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Kyphoplasty: Definition, Procedure & Recovery

Instructor: Artem Cheprasov
This lesson gives you an overview of kyphoplasty. You'll learn what this is, why and how it's performed, and what to expect right after the procedure.

Kyphoplasty Defined

Let's do a crude but helpful thought exercise. Imagine a closed cardboard box. Smash it with your foot. In doing so you've compressed or collapsed the cardboard box and created breaks (fractures) in it along the way.

If this kind of collapse were to happen to a bone of your spinal column, called a vertebra, then this would be called a spinal or vertebral compression fracture. A kyphoplasty is a surgical procedure that seeks to correct this.

Keep this thought exercise in mind as we learn more about this procedure in this lesson.

Causes and Word Origins

Vertebral compression fractures can occur as a result of things like trauma, cancer, and osteoporosis. The latter is a condition where your body doesn't make enough new bone, loses too much bone, or both.

If one or more vertebrae collapse for any reason, then that can cause a person pain and a change in their posture. The change in posture may potentially cause a hunchback appearance where the person's back has a hump. 'Hump' has a Greek prefix of 'kypho-'. Thus, a condition where a person has a hunched back is called kyphosis. One treatment that seeks to remediate the vertebrae involved in the kyphosis is called a kyphoplasty.

The suffix of '-plasty' refers to the plastic repair of something. Not that plastic itself is necessarily used, but that something is being repaired, reshaped, or molded somehow. It does not imply how or what material it's being molded with.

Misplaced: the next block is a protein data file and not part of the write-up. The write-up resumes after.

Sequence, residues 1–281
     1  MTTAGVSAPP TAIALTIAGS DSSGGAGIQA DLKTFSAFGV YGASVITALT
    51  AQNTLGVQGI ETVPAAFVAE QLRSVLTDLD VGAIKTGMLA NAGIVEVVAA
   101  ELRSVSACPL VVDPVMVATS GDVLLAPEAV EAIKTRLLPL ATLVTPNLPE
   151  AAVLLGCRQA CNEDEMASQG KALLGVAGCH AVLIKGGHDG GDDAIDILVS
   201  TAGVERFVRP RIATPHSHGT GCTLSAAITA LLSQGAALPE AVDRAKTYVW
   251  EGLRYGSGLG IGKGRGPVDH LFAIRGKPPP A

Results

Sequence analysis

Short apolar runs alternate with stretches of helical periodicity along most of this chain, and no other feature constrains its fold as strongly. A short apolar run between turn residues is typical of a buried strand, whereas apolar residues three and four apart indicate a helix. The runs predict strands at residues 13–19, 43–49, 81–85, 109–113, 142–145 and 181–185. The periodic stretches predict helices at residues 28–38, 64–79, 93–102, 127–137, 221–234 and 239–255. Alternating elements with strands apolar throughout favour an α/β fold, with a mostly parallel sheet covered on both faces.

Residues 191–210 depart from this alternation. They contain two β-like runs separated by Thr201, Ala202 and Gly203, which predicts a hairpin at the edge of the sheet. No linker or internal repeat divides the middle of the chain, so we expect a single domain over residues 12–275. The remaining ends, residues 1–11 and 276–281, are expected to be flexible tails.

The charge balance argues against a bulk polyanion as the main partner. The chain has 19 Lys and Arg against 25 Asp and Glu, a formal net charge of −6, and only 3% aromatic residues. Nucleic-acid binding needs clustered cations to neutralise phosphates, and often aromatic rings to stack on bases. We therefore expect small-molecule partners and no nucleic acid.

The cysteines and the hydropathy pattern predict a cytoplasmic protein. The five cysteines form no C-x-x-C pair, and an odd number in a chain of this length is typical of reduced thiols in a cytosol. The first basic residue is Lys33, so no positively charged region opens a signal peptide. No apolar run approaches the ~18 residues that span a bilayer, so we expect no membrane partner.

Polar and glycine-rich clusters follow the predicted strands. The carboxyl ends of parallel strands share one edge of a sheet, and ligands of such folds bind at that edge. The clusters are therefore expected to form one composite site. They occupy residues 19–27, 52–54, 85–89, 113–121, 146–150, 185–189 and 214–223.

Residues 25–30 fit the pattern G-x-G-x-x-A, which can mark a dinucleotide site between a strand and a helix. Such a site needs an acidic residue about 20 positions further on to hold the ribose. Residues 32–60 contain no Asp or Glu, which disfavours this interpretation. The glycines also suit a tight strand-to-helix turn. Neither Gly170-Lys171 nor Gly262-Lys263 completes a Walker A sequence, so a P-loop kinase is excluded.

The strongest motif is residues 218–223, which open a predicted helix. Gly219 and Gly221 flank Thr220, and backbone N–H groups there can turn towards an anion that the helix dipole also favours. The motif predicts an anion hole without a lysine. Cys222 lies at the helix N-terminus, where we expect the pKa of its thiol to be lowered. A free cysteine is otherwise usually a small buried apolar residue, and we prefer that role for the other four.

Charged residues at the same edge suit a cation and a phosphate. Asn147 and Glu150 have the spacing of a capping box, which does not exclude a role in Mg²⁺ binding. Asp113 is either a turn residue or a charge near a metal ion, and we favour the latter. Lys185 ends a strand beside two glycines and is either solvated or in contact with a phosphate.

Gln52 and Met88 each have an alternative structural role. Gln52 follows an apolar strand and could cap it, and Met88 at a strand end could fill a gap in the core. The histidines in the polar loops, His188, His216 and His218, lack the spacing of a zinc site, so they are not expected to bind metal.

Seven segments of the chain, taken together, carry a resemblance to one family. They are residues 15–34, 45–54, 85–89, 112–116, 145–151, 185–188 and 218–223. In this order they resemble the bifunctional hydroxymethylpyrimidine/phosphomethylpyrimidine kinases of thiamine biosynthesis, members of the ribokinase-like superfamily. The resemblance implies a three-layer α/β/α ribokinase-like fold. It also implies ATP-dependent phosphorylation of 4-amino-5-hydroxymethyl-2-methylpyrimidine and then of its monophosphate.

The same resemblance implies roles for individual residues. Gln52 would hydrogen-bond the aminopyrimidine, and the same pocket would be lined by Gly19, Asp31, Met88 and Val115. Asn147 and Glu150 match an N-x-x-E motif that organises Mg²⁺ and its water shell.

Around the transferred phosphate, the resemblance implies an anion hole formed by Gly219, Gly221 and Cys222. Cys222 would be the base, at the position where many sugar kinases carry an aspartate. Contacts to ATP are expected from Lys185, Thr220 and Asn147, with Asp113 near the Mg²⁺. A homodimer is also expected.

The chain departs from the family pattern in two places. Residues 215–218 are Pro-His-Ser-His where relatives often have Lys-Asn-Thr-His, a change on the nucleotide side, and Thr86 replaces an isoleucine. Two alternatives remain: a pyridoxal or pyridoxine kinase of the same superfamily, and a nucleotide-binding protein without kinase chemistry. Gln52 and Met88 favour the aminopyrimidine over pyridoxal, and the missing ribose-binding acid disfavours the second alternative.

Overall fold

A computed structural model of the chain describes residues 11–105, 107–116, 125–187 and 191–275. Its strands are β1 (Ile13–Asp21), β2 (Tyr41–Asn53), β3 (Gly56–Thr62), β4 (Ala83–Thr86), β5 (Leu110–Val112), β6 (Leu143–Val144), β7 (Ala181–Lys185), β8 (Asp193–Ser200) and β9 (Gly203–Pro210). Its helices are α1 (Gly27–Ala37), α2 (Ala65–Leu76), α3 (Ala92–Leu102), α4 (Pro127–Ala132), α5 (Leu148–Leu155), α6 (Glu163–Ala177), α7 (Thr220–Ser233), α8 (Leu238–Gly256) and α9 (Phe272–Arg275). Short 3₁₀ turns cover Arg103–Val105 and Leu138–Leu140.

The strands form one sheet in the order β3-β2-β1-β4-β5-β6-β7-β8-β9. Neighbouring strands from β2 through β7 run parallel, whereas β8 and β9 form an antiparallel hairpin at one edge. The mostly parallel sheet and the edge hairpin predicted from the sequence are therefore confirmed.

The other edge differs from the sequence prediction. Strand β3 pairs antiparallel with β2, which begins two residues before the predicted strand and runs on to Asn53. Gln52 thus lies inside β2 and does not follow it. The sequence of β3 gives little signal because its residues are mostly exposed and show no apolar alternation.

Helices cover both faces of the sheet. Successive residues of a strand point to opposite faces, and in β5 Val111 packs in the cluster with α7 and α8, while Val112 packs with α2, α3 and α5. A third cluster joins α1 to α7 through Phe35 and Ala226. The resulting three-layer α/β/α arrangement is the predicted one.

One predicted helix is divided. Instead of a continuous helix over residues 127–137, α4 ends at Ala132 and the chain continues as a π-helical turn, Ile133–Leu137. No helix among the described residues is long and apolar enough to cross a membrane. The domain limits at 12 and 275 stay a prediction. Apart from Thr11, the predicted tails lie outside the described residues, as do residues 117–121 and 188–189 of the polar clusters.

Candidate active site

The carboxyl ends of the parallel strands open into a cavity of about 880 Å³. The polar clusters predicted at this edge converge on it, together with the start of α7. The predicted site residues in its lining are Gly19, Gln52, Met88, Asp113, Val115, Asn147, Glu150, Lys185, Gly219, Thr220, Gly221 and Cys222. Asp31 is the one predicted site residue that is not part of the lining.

Kyphoplasty Goals

That being said, this procedure does indeed use a specific kind of plastic called polymethyl methacrylate (PMMA). Somewhat confusingly, PMMA's more common name is 'bone cement' even though it's not a cement like the one cars drive on.

The goals of kyphoplasty are to:

  1. Restore the vertebra's height back to normal. Remember, it has been crushed somewhat like a box.
  2. Stabilize the vertebra so that it doesn't collapse back down after the procedure.
  3. Relieve a person's pain and, if present, kyphosis.

Procedure

Mrs. Jones is undergoing kyphoplasty. She has received medication so she can relax and not feel any pain. Sometimes the patient is put to sleep as well. Mrs. Jones lies on a table, face down, during the kyphoplasty.

The skin over the vertebra in question will be cleaned and numbed. Using real-time X-ray imagery to guide the procedure, a doctor will place a needle into the vertebra. A balloon will be placed through the needle and inflated inside the vertebra.

What would happen if you placed a balloon into a crushed box and inflated it? It would pop back into shape, right? Well, the balloon does the same thing to the vertebra. It restores most, if not all, the vertebra's height.

But this isn't enough. As you can imagine, if you deflated the balloon, then the box, with time, could collapse back down. Something must be done to maintain the shape of the damaged box for the long term. Perhaps you could put something inside it to hold the newly restored shape?

X-ray of vertebra with bone cement injected
kyphoplasty

Similarly, inflating the vertebra back into shape and leaving it be isn't enough. Once the balloon is inflated within the vertebra, it leaves behind a cavity (like the empty space within a box). The doctor then injects bone cement into this cavity in order to prevent Mrs. Jones's vertebra from collapsing back down.

Recovery

Once the procedure is over, the patient will spend some time in a recovery room. Some people will be allowed to go home the same day, while others will be asked to stay overnight so they can be watched for signs of any problems.

Unless the doctor says otherwise, someone should drive the patient back home. While some people may be able to walk as soon as 1 hour after the procedure, they may be told to stay in bed for the first 24 hours unless they need to go to the bathroom.

Soreness in the area of the procedure is expected but it shouldn't last more than a few days. If necessary, ice may be applied to the area.

Each patient will differ in how quickly they recover and when they should resume activities. Thus, talk to your doctor to find out more. Generally, 24 hours after the procedure a person can gradually return to normal activities. However, heavy lifting and strenuous exercise should be avoided for at least a month and a half.

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